Bits & P.C.s: USB Flash drive and a reward

Bits & P.C.s: USB Flash drive and a reward

By Richard Heller

A few weeks ago I mentioned a relatively new storage device known as a USB Flash drive. Let’s take a little more detailed look at this marvel of modern electronics and why you should have one.

Utilizing the same type of memory as used in the memory cards for a digital camera or MP3 player, the USB Flash drive is available in sizes ranging from 32MB up to 1 GB. The memory is mounted in a case that is about the length of a stick of gum and is less than a half-inch thick. On one end is a plug that allows you to attach it to the USB port on the computer. Some of the devices have an on-board microprocessor that enhances the speed and adds other features to the product.

After the drive is plugged in, it will show up as a removable drive. Windows 98 will require you to install a small driver program so you can use the drive. Windows ME, XP and 2000 do not require any driver files to be loaded.

Since the device appears to be a hard drive to the computer system, you can do exactly the same things with it as you do a regular hard drive. You can copy files to it, erase the files, and probably the most important, store the files that you do not want to leave on the computer. It’s bad enough to lose the computer without losing the data.

When the USB Flash drive is used with a notebook computer, all your important data and programs can be safely stored so you still have them even if the laptop is stolen. All you would need to do is just plug the drive into any computer, and you’d be back in business. The device has a data storage life of 10 years, and most come with a switch that prevents accidental erasure of the stored data.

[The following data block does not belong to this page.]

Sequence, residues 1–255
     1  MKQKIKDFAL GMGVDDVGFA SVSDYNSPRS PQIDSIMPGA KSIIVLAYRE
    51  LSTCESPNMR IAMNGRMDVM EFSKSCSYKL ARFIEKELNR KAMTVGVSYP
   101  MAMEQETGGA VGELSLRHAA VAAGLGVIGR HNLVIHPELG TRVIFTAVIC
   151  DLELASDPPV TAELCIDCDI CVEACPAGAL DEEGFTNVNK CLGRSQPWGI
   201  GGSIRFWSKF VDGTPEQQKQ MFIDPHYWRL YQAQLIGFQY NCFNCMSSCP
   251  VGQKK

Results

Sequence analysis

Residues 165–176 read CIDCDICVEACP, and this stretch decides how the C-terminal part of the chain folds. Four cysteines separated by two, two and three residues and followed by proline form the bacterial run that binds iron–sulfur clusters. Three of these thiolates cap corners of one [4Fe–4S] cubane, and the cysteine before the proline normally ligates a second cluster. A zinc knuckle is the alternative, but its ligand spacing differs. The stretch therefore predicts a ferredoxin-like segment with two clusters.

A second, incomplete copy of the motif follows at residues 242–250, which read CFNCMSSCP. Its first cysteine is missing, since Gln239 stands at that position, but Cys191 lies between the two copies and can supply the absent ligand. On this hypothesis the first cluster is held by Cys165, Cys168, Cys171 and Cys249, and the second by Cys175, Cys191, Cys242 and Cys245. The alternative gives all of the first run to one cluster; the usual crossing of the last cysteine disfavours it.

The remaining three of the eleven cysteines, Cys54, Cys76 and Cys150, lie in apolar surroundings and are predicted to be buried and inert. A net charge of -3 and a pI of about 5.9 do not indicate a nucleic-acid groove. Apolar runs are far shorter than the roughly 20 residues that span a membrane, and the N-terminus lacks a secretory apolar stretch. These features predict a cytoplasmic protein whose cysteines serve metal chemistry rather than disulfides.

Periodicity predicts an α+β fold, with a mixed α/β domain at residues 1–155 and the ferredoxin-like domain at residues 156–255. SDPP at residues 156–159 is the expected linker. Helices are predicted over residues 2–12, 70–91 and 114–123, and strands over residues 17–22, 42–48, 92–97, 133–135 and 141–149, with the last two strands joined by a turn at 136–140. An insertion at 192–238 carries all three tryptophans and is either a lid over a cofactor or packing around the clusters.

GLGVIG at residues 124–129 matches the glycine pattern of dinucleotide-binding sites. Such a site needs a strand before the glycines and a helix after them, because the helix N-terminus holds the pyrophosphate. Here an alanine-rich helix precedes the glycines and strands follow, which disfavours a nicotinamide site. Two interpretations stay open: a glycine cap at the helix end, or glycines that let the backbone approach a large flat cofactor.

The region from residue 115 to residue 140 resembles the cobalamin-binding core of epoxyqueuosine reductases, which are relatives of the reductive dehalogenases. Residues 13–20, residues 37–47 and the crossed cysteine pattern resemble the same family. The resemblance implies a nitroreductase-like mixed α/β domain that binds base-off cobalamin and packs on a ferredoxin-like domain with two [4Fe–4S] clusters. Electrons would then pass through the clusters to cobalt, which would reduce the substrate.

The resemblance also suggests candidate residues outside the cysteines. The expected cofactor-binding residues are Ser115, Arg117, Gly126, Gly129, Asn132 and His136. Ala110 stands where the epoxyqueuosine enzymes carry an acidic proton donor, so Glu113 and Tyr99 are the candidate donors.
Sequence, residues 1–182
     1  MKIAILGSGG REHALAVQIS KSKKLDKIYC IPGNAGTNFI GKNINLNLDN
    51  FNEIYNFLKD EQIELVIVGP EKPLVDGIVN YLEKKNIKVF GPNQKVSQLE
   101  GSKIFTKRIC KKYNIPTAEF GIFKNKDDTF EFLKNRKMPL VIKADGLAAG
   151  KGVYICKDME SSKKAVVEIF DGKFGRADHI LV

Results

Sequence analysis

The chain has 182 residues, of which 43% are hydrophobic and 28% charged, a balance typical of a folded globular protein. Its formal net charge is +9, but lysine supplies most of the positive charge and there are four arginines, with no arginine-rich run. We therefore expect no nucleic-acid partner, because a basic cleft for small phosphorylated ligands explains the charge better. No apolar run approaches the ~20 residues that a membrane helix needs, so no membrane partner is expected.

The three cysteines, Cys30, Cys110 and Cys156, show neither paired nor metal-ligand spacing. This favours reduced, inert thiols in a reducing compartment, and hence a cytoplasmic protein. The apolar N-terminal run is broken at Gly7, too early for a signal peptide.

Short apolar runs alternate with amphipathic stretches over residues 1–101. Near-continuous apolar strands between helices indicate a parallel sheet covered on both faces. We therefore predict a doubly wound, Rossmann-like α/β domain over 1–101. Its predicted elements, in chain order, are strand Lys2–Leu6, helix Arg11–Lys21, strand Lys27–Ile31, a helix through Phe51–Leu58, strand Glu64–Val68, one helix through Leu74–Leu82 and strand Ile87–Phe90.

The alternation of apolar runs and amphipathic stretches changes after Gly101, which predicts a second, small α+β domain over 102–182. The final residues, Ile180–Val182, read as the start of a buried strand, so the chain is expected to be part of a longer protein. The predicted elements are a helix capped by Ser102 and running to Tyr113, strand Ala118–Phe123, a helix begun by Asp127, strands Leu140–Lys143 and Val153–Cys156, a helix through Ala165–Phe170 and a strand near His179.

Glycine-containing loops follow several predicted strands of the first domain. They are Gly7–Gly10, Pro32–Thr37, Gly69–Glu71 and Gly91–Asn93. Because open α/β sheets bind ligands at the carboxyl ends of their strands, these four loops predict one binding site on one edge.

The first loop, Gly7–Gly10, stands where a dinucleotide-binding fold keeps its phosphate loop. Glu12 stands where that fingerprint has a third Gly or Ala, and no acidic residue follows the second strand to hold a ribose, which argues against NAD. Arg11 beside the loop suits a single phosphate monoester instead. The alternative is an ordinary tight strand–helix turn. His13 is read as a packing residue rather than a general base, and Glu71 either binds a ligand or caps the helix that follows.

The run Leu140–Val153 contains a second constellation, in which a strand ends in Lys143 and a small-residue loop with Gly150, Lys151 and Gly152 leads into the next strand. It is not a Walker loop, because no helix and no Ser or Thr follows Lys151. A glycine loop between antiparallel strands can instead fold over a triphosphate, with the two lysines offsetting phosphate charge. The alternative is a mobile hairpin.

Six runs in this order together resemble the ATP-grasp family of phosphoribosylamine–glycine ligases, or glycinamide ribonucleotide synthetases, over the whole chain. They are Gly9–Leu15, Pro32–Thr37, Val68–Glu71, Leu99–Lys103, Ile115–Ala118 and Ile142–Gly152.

With prices on the device ranging from $50 to more than $300 depending on the amount of memory, it is a great addition for any computer system. It makes an ideal replacement backup system that is fast, portable and easy to use.

321 Studios, the publisher of DVD Copy Plus and DVD X Copy, have announced a $10,000 reward program for people who supply information that allows them to catch others who are using misusing their products. The two programs allow you to make backup copies of the DVDs that you legally own. There have been lawsuits filed against the company claiming that the products were being used to copy rental DVDs, and this is an attempt by the company to show that they are trying to prevent this misuse from happening.

The two programs already prevent others from making copies of a copy, and each copy contains an identifying number that allows them to track down the original owner of the software that was used to make the copy. Of course, the movie studios claim that they are losing millions of dollars because of these and similar programs.

Richard Heller is an independent computer specialist who specializes in repairs, installation, upgrades, technical support, Internet sharing, data recovery and diagnostics. If you have any computer or service-related questions, please send them to The Rock River Times or e-mail

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